What's at stake: Democracy hangs in the balance, several left-leaning politicians argued in interviews with Axios. And officials and groups on both sides of the aisle said there's a fine line between making sure everyone is prepared vs. having a potentially intimidating police presence.

  • Torrez, the district attorney of Bernalillo County (which includes Albuquerque), points out that making an arrest at a polling location could itself be disruptive.
  • "As a career prosecutor, I never imagined a moment in my life where I would have to come up with a communication strategy to specifically rebut some of the things" that the White House seemed to be saying, "but these are these are sort of bizarre times."

What they're saying: Several mayors told Axios they were confident the election would proceed as intended.

  • Tampa Mayor Jane Castor: "There’s a heightened concern. We have heard about the possibility of having individuals at polling sites intent on disrupting the ability of people to freely vote, but we don't know if it's just an urban legend. We try to monitor in a preventive way. I don’t expect that we will have any issues."
  • Austin Mayor Steve Adler: "What people are more concerned about than anything else right now is the fear of things as opposed to an indication that the fears would actually be realized."
  • Philadelphia Mayor Jim Kenney: "People need to cancel out the noise. If you voted in the past, you know exactly how to do it. And I think people [should] just do that forthrightly, not worrying about some guy with a MAGA hat screaming in your face. Just walk on by and go exercise your right to vote — that's how we beat this back."

Go deeper

Voter suppression then and now

Photo illustration: Eniola Odetunde/Axios. Photo: Barry Lewis/Getty Images 

From its start, the United States gave citizens the right to vote — as long as they were white men who owned property. From counting a slave as 3/5 of a white man to the creation of the Electoral College, there's a through-line of barriers that extends to today based on racial politics.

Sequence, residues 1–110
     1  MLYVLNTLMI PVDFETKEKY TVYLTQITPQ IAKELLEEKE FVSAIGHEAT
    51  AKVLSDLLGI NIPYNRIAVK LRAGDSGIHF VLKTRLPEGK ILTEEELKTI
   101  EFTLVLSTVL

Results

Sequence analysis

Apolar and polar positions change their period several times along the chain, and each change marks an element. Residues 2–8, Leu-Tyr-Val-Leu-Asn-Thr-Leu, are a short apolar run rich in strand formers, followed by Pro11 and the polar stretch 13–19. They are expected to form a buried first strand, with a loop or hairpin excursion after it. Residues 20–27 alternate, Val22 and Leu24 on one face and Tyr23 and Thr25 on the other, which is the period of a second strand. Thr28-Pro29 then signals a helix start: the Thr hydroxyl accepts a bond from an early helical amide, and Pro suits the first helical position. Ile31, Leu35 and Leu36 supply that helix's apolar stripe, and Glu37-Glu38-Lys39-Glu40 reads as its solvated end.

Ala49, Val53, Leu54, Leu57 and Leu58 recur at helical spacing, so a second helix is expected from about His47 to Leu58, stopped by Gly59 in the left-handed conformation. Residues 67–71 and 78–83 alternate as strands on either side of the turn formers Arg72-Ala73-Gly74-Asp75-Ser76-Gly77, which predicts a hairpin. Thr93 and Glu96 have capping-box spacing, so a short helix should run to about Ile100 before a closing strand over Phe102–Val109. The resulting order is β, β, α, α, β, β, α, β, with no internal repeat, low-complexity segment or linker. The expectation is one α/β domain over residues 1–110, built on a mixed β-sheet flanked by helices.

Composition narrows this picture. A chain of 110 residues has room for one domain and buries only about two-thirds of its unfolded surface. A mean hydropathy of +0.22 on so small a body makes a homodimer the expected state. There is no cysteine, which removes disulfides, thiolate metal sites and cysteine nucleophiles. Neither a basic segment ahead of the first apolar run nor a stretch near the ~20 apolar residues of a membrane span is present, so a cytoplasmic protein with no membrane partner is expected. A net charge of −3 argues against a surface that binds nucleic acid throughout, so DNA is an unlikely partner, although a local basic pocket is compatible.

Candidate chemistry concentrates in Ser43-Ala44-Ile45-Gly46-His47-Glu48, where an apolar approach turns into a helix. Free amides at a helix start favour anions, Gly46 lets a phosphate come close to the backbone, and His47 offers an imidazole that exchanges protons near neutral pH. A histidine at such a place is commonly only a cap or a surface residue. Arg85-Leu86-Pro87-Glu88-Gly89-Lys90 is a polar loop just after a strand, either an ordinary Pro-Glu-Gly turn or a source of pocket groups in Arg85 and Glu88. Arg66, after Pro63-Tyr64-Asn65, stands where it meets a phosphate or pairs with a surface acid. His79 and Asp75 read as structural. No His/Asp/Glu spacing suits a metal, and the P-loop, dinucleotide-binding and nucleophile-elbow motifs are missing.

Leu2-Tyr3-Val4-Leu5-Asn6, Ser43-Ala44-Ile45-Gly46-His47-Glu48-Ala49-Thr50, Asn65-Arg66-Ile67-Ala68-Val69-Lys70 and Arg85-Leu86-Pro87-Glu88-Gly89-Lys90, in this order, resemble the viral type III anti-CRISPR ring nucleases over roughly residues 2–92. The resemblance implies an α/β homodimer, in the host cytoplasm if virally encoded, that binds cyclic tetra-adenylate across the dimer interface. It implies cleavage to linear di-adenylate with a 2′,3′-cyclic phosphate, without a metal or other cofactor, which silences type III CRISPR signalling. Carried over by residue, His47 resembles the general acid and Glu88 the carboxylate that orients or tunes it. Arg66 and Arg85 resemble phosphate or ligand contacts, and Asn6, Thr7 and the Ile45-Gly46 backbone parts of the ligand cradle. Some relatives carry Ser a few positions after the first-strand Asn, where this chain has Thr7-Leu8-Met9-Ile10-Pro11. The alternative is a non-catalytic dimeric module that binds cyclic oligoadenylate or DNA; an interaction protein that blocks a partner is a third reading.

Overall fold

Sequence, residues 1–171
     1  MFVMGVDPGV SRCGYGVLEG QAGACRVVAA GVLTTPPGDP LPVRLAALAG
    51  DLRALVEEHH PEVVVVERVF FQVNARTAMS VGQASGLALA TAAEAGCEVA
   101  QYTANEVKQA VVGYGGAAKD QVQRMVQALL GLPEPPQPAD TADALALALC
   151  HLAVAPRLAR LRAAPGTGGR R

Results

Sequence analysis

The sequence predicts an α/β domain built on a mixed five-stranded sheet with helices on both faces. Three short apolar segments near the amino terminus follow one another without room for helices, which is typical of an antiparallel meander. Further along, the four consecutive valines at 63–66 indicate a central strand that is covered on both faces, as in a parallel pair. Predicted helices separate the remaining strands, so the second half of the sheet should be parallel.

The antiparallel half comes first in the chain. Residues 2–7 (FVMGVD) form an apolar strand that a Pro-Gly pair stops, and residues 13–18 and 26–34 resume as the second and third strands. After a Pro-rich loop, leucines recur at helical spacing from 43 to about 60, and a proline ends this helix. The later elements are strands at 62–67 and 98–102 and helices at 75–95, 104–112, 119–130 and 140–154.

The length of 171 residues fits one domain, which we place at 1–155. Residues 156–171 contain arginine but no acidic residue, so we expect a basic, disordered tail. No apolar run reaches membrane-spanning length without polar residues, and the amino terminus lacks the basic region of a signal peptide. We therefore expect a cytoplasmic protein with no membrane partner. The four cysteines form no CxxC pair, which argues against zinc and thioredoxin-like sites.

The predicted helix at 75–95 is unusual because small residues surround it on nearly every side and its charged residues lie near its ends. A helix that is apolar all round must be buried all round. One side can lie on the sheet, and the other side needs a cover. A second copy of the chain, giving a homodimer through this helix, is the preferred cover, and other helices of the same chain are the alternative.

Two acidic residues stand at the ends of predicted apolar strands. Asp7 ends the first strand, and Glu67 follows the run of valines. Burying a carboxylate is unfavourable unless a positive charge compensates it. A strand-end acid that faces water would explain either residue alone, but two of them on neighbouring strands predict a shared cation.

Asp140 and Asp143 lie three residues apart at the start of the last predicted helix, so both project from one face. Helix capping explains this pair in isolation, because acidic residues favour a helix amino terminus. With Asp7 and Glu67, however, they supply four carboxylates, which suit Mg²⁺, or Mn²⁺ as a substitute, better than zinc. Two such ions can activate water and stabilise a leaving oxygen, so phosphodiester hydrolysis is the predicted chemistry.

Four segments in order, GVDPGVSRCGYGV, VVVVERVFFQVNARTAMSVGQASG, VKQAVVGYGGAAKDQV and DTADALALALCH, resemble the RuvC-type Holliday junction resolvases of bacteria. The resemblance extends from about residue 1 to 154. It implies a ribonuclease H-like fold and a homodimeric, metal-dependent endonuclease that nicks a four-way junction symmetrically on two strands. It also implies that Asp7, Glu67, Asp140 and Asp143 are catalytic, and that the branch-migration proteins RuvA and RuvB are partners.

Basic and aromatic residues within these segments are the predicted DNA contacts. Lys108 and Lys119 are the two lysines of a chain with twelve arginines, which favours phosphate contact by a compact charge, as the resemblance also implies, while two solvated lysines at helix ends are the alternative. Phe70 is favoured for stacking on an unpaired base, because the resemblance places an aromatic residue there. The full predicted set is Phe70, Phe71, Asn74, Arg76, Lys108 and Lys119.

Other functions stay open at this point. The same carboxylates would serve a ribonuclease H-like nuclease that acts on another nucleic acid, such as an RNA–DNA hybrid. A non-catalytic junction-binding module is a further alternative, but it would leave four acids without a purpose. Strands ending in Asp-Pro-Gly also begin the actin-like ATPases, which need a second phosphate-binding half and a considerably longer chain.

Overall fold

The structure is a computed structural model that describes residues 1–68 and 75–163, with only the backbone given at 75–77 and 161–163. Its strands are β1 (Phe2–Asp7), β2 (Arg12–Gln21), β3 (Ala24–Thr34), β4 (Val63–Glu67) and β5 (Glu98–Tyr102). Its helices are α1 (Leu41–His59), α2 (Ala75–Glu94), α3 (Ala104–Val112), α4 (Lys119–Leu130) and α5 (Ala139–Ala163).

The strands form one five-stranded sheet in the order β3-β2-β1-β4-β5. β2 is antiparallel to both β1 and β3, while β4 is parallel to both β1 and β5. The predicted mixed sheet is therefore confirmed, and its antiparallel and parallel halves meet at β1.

Why it matters: 150 years after the 15th Amendment — and 55 years after the passage of the Voting Rights Act — people of color still face systemic obstacles to voting.

How racial politics still suppress the vote

Photo illustration: Sarah Grillo/Axios. Photos: Jeremy Hogan (SOPA Image), Noam Galai (WireImage)/Getty Images

Laws restricting voting are less overt than in the days of segregation. But many impediments — some subtle, some blatant — remain for Americans of color.

The big picture: That's changing at this very moment — slowly, and very unevenly.

Nov 13, 2020 - Politics & Policy

Spotting political indicators without the polls

Illustration: Eniola Odetunde/Axios

With political polls looking close to useless, newsrooms are increasingly turning to internet trends, demographics and local news in an effort to crack America’s baffling political code.

Why it matters: This election proved that polls aren't the only way to measure public opinion trends — and that other measures, like social media, may give us a window into enthusiasm among populations that polls are missing.